stick


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stick

1. a small thin branch of a tree
2. 
a. any long thin piece of wood
b. such a piece of wood having a characteristic shape for a special purpose
c. a baton, wand, staff, or rod
4. Informal the lever used to change gear in a motor vehicle
5. Nautical a mast or yard
6. Informal a rural area considered remote or backward (esp in the phrase in the sticks)
7. W and NW Canadian informal the wooded interior part of the country

stick

[stik]
(engineering)
A rigid bar hinged to the boom of a dipper or pull shovel and fastened to the bucket.
A long slender tool bonded with an abrasive for honing or sharpening tools and for dressing of wheels.
(ordnance)
A succession of missiles fired or released separately at predetermined intervals from a single aircraft.

stick

1. Any long slender piece of wood.
2. A shaped piece of wood, as a stake.

stick

i. The control column of the aircraft for control of its trajectory. See control column.
ii. The number of parachutists who jump from one aperture of an aircraft during one run over a dropping zone (DZ).
iii. The number of bombs or missiles fired or released successively but separately at a predetermined interval from a single aircraft (e.g., a stick of four bombs).
iv. A series of rounds fired by an aircraft's gun in one burst.

stick

(1) See USB stick, Sony Memory Stick, streaming stick and selfie.

(2) Slang for memory module. RAM chips for personal computers are typically mounted on a thin, long printed circuit board (see memory module). A "stick of memory" is not the same as a Sony Memory Stick, which is a flash-based storage module for digital cameras (see Sony Memory Stick).


Two Sticks of Memory
Memory modules are typically housed on printed circuit boards such as these.
References in classic literature ?
He dipped into a side coat-pocket for the mintage of the Solomons and stripped off a stick from the handful of pressed sticks.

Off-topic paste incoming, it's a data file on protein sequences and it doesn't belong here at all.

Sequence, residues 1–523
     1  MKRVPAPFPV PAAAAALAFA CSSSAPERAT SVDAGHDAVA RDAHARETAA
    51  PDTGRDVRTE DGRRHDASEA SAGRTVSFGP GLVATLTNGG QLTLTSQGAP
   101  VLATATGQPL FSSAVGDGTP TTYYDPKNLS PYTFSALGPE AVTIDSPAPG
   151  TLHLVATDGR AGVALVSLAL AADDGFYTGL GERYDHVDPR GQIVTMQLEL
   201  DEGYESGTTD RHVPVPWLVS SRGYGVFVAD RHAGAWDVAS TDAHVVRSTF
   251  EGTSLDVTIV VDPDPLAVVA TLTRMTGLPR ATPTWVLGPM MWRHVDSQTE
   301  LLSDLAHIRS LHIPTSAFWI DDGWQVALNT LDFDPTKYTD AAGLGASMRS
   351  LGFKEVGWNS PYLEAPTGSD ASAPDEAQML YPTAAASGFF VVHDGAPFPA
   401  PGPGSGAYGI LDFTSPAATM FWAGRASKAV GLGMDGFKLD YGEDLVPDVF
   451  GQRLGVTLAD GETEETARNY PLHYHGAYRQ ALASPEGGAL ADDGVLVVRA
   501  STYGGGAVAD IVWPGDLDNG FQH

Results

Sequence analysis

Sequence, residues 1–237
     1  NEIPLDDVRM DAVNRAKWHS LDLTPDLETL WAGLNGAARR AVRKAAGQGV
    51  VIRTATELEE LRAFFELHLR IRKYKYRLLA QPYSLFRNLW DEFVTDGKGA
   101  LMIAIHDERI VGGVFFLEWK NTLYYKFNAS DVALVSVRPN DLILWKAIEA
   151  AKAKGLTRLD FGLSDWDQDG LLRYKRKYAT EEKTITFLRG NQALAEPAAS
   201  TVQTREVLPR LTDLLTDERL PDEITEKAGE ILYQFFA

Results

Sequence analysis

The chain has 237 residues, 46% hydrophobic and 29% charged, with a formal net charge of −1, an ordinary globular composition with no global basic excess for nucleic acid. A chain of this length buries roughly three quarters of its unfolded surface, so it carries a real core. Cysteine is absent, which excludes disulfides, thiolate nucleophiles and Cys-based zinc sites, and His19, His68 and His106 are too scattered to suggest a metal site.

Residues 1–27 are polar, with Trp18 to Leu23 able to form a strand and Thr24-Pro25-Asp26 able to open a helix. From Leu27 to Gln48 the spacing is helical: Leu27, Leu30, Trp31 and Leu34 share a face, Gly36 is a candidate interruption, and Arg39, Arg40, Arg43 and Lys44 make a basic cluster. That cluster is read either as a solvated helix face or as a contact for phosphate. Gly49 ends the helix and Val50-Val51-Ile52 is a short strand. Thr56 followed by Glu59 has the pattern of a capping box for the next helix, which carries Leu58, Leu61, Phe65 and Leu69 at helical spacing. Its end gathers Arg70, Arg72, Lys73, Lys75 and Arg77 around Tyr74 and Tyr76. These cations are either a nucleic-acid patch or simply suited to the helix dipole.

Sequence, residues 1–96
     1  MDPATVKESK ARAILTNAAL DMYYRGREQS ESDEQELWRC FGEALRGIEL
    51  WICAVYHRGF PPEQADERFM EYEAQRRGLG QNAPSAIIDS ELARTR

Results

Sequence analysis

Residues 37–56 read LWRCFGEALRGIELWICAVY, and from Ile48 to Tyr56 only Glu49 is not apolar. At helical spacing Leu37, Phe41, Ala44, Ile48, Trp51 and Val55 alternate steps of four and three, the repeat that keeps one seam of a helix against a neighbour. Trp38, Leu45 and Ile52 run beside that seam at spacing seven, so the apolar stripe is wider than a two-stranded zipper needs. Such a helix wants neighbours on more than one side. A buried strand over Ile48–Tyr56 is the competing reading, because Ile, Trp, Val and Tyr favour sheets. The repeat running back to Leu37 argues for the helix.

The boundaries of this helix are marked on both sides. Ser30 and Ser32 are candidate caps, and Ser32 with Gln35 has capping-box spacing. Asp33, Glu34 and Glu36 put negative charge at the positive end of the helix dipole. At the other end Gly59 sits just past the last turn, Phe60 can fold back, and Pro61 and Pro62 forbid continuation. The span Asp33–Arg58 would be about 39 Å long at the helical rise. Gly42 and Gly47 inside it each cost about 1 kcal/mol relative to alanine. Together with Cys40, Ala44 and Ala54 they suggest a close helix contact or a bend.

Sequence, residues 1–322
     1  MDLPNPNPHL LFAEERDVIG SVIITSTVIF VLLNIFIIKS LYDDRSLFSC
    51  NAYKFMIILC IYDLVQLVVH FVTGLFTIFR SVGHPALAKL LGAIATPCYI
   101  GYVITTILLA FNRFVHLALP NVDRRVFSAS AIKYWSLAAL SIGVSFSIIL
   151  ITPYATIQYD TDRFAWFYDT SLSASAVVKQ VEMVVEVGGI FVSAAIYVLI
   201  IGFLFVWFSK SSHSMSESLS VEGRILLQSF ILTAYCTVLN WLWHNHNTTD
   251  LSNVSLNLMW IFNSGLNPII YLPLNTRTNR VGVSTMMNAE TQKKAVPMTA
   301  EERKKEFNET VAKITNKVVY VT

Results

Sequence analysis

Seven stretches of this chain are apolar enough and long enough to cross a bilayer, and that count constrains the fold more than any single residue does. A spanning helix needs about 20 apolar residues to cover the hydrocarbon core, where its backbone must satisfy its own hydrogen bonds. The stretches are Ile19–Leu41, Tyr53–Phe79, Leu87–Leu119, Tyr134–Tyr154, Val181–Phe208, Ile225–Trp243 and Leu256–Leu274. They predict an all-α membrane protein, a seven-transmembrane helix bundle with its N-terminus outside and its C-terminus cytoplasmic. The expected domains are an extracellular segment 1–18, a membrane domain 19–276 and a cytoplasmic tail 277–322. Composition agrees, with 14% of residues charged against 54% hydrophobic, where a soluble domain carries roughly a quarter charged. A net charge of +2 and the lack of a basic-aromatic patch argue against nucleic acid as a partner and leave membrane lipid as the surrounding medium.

And he left five years ago--the date is on the stick. So your grave, middle-aged family practitioner vanishes into thin air, my dear Watson, and there emerges a young fellow under thirty, amiable, unambitious, absent-minded, and the possessor of a favourite dog, which I should describe roughly as being larger than a terrier and smaller than a mastiff."
His stick was gone, so he began ripping out chunks of crumbling rock and throwing them in at me.
Not only had his partner tied the dogs up, but he had tied them, after the Indian fashion, with sticks. About the neck of each dog he had fastened a leather thong.
After marking the spot indicated by the end of the stick which was placed nearest to the quicksand, I determined to pursue the search for the chain on a plan of my own.
"'Whosoever takes up the stick will be thrashed by the stick.'"
No one seems to like the offer, and the umpire is just coming down, when a queer old hat, something like a doctor of divinity's shovel, is chucked on to the stage and an elderly, quiet man steps out, who has been watching the play, saying he should like to cross a stick wi' the prodigalish young chap.
He was still silent but began at once to erect a heap of dry sticks which he presently set afire.
Utterson had already quailed at the name of Hyde; but when the stick was laid before him, he could doubt no longer; broken and battered as it was, he recognized it for one that he had himself presented many years before to Henry Jekyll.
The beaver now being completely "up to trap," approaches them cautiously, and springs them ingeniously with a stick. At other times, he turns the traps bottom upwards, by the same means, and occasionally even drags them to the barrier and conceals them in the mud.
"Same thing, only there was a whole lot of him left for me to bury, because he'd prepared only half a stick. I managed to last it out till next day, when, after duly fortifying myself, I got sufficient courage to tackle the dynamite.
They would be useful to buy a wife with, would they not, my clever boy?" And he made a rush at me, with his stick lifted, and after him came the headman, grunting with rage.

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